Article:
Wednesday 6 November 2013

I would of liked to write about grammer, spelling and pronounceiation

I almost choked writing that headline.  All over social media and online, a generation seems unable to write 'would have', and prefers the nonsensical 'would of'.

In years gone by, those on many radio stations rarely needed to write much down, apart from scribbling some hasty notes on their music log: 'Edna from Norwich - wheelie bins'.  Now, life is different.  On-line and social media writing is part of our lives; and part of our jobs.  It's as important to craft the written word off-air as carefully as we select the spoken word on-air.  Few in radio now do not write consumer-facing material, whether producers, journalists, presenters or those in the commercial arena.  Much of such material is conversational in tone, but even writing that is an art. There's a difference too between conversational or necessarily truncated - and wrong.

What surprises me is how intelligent people can leave their school and university gates without a grasp of the basics.  I stare in  amazement at some frighteningly bright young things with whom I've worked over recent years when I glance down at a piece of their written work which befits a 12 year old. Is our education and parenting so bad, we are incapable of teaching our own language?  Those coming here from other countries appear to have a better grasp of the basics of our language than we do.  The time we should be spending polishing writing tone and style to complement our media brands beautifully, we are simply using to make basic corrections in red ink.

Is spelling 'definitely' correctly too much to ask? Or not baring all in 'I can't bear to see'?

The ability to use English to a decent standard is now crucial in our industry.  In the commercial arena too, things have changed.  Where once a suitcase full of dog-eared contracts and half-empty cigarette packets sufficed, sales execs now need to assemble great presentations.  How often are they spoiled by a glaring error in font 48, Comic-Sans?  At a time when we are writing more and more, the emphasis on that very topic is being diminished in the educational system.  Am I wrong to expect a graduate, in whatever subject, to have a decent grasp?  Said David, sans degree and with chip on shoulder.  Broken Britain. Harrumph.

As for the apostrophe, I'll concede that predictive text's dogged insistence on maliciously deploying the wrong usage is unhelpful, but one hopes that a grasp of the basic rules would mean most errors are corrected, certainly by the time content graduates to website or external email. It's fairly simple when you look at its place. Mind you, I'm almost giving up insisting on the correct apostrophe absence in 60s, 70s and CDs, such is the tide of examples where folk think that to use one is correct.   Thank goodness Absolute Radio gets it right, otherwise we'd really be in a pickle.  The bloke selling pea's from a van just outside M & S in Nottingham may just need a quick reminder, though.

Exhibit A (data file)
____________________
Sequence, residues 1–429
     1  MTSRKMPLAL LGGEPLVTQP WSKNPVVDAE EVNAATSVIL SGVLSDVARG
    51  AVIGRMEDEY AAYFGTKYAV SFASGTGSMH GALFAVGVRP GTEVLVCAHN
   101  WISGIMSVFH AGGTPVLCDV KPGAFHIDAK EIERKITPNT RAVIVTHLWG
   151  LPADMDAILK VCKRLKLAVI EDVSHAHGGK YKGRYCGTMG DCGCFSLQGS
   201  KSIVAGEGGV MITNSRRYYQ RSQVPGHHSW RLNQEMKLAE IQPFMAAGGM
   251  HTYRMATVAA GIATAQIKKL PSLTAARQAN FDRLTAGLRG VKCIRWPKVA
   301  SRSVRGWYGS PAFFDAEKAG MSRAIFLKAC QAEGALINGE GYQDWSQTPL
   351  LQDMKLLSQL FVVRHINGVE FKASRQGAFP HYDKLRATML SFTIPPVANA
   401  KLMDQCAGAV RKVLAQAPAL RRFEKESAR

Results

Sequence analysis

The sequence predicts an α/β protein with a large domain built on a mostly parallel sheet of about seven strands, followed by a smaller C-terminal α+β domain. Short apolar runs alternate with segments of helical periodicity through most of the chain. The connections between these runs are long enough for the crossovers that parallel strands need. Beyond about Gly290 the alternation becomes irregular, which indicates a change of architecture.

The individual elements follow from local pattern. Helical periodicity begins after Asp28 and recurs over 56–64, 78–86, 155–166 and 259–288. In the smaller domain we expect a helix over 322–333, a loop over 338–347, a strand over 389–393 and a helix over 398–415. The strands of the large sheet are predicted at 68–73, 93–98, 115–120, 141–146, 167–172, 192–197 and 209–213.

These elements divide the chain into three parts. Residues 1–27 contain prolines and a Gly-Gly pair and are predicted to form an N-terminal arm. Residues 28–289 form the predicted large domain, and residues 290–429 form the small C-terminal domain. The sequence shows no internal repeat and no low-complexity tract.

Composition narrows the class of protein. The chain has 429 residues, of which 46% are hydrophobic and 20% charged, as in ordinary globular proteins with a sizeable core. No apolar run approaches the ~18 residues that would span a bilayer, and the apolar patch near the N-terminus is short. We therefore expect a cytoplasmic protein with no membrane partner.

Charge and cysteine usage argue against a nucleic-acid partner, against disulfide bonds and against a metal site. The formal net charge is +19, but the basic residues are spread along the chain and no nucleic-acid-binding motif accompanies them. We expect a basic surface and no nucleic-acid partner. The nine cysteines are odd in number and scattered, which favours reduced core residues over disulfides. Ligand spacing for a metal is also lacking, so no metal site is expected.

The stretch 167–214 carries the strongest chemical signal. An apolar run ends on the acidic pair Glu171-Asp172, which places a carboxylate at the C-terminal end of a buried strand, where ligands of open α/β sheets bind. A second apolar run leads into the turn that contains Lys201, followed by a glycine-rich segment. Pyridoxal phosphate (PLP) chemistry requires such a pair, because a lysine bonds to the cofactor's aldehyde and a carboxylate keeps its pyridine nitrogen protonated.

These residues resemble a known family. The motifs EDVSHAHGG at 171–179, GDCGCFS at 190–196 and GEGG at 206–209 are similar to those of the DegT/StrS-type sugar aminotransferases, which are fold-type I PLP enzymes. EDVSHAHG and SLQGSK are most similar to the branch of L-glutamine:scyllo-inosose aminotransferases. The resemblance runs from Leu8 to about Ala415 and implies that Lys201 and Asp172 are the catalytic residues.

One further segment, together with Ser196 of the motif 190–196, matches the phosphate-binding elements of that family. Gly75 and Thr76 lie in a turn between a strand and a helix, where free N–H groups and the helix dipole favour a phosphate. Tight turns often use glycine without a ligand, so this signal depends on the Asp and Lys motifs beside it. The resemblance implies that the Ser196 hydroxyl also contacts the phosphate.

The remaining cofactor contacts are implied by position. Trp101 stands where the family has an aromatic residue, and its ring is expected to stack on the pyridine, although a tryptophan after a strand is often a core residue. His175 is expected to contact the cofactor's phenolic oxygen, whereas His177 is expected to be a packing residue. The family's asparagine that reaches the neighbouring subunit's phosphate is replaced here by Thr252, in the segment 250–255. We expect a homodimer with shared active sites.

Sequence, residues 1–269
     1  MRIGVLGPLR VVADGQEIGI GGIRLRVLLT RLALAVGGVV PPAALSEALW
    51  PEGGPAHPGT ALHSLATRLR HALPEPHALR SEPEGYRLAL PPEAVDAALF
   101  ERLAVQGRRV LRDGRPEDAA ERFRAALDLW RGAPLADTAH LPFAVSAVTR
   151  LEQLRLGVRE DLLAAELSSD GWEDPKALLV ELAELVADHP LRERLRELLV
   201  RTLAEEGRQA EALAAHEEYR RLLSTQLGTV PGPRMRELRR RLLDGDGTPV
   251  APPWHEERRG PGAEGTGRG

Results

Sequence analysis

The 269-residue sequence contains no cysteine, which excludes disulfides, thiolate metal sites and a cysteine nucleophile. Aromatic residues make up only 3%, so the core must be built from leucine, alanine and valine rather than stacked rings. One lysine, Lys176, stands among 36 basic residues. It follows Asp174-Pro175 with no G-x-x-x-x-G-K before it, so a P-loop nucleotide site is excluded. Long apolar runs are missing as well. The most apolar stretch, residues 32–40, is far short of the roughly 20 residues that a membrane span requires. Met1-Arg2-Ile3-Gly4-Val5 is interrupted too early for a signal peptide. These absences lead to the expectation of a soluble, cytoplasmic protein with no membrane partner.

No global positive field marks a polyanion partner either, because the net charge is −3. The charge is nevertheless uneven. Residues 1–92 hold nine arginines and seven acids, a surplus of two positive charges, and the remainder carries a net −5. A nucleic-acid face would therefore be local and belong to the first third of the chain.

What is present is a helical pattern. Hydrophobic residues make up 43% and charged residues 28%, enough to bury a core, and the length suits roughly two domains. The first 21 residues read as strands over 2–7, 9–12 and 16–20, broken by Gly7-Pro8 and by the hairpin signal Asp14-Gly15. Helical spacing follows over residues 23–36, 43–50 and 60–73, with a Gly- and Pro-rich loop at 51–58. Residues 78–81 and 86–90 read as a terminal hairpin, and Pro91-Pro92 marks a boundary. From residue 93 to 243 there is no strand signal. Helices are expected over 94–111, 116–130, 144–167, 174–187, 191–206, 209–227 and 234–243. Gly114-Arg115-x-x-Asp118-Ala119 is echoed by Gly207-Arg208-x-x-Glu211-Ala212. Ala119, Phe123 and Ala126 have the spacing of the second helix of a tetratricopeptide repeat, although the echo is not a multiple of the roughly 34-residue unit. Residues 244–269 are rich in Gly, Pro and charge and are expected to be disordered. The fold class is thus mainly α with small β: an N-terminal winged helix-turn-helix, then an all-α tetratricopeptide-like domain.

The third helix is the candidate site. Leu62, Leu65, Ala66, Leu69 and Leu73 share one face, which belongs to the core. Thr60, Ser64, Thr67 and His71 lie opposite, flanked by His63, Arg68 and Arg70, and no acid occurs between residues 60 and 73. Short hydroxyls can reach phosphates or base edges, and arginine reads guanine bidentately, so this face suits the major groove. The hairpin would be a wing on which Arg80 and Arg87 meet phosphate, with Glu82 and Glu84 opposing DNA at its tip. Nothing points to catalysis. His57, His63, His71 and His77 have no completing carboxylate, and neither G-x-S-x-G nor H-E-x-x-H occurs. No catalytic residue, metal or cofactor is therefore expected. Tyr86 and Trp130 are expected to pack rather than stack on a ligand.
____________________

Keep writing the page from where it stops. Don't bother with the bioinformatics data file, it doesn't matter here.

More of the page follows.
A grasp of the meaning of words is also useful to those who work with them every day.  As we do. A senior BBC editor has just related the tale to me of how the Telegraph reported last week that "people were evacuated". And there the sentence ended.  As he points out, that would likely have created rather an unsavoury mess.  Where is the line between conversational and misuse?

Pronunciation also appears a challenge. Or 'pron-ounce-e-ation', some insist on saying. I guess we can blame the influence of American media for giving us 'loo-tenants' rather than 'leff-tenants'.  The Americans also gave us 'skedule'  (schedule) rather than 'shedule', although most in radio now use the latter off-air so frequently each day, I suspect I'm fighting a losing battle there. Mind you, we really should stop Sellotaping the sound of a gratuitous 'k' at the end of 'something' and 'nothing'. And I'm rather averse to hearing 'adverse', when they really do mean, well, 'averse'. 

Grammar on air can induce shock too.  Since first drafting this blog, one fellow Tweeter mentioned he'd heard: "Wasn't you going to ask me for a song" and the impressive: "what I done earlier".

It would likely render the topic too broad were I to to mention the way some media recruits
appear not to display the degree of 'general knowledge' one would expect of curious individuals. And a general shrugging of shoulders when that becomes evident, rather than an embarrassed sucking in of breath through teeth, and conceding 'I should probably have known that'.  Did I really hear 'Corps' pronounced as corpse?  I fear I did. Particularly unfortunate given the nature and context of that report.

Does it matter? Well, getting it wrong clearly annoys some people, and why would you want to do that?  It also sends off a 'we don't really care that much about getting it right' message, which is likely unhelpful.  And, yes, the wrong spelling or pronunciation can impact on comprehension. And, bigger yes, the best words and style really enhance meaning.  Language does indeed mature and evolve, but this is not about evolution, it's revolution. And its rong.

People frequently ask: "What should I study if I want a career in media?".  After some painful decades in management, I might smile and suggest wryly: 'psychology and social work'. But, thinking about it, 'English' is a another good response.


  1. I would like to know about the origins of these common sightings on the world wide web:
    alot and abit
    incase and infact
    Which numpty (or perhaps trouble-maker) started it all off and how did it *ever* catch on?!

  2. I feel that spell checking has been a improved function in modern technology.
    essay editing service

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